It is many a little boy’s fantasy. When a shiny red fire engine turned up on the White House lawn, Donald Trump, 70, could not resist hopping inside. “Where’s the fire?” the US president joked. “I’ll put it out.”
Trump’s critics might suggest he spends more time starting fires than putting them out.
Widely mocked for honking the horn of a truck on the White House lawn in March, Trump faced potential ridicule again on Monday as he surrounded himself with vehicles and products from all 50 states to launch his “made in America” week.
From the state dining room to the south lawn, the executive mansion came to resemble an Amazon warehouse with lots of stuff: baseball bats, beer, door hinges, fried chicken, horseshoes, guitars, a lawnmower, a Nasa space suit, wheelbarrows and, inevitably, golf clubs. The property tycoon-turned-president tried on a cowboy hat. No one dared called him a cowboy builder.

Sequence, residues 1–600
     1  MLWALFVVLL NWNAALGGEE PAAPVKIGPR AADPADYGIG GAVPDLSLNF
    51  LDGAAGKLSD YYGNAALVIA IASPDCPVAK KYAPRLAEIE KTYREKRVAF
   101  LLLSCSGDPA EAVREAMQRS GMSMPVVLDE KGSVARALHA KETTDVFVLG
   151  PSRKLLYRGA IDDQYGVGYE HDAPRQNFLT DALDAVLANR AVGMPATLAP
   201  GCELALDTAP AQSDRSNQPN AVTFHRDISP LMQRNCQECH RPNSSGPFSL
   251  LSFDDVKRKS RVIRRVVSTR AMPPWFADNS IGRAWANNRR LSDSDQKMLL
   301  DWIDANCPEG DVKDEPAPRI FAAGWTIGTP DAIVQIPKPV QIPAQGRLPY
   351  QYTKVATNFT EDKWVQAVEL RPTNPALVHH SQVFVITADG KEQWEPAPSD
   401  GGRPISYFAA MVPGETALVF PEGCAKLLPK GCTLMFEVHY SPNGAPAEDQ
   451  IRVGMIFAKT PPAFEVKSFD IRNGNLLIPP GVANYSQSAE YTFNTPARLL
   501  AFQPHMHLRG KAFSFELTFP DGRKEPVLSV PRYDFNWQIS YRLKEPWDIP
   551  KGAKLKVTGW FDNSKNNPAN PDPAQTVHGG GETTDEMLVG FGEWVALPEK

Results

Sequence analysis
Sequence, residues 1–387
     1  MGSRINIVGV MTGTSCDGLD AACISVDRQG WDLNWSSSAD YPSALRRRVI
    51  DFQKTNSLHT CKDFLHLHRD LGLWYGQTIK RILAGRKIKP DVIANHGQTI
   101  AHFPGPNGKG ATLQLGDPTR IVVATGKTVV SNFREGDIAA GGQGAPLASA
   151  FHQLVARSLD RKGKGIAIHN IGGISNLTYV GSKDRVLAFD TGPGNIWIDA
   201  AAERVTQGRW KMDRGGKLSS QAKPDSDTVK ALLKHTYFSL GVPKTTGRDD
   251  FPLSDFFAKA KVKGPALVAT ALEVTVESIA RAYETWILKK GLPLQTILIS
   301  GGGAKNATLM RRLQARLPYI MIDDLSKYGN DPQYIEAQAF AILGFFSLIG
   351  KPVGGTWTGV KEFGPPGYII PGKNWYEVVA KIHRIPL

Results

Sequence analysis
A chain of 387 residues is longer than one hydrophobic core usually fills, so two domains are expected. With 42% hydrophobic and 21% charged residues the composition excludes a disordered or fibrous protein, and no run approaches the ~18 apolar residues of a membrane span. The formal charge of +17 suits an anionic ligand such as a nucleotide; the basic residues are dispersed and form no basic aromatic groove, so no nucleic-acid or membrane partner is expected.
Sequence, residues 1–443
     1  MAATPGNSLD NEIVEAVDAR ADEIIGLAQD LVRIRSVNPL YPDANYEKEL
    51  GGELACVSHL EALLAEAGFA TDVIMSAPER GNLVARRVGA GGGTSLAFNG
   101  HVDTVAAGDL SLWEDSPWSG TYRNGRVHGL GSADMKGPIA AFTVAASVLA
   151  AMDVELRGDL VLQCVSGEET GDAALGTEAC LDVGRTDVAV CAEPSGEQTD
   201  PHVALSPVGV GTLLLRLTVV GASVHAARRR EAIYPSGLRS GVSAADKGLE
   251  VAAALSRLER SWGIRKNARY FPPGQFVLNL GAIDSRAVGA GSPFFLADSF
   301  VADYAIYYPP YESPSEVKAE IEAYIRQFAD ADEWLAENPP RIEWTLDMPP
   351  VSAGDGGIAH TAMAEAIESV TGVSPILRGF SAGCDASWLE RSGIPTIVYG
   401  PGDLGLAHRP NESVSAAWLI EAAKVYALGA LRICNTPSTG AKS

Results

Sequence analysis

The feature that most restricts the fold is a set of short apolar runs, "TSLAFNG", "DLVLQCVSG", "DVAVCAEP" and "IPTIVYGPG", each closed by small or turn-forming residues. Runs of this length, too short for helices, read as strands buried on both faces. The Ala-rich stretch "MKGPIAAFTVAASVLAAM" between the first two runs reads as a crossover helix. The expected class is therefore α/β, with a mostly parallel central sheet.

But as he surveyed this museum of American capitalism, Trump did not address the central paradox of why many of his own company’s products, and those of his daughter Ivanka, are manufactured overseas.
That was left to Sean Spicer, the White House press secretary, returning to action after a prolonged absence. He addressed reporters in the West Wing briefing room for the first time since 26 June. But once again cameras were banned; the White House has not held a televised briefing since 29 June.
Spicer has previously claimed that he does not want to be filmed on days when Trump is speaking in public so as not to distract from the president’s message. And this was a day when Trump, surrounded by consumer paraphernalia in the East Room, was in full salesman mode.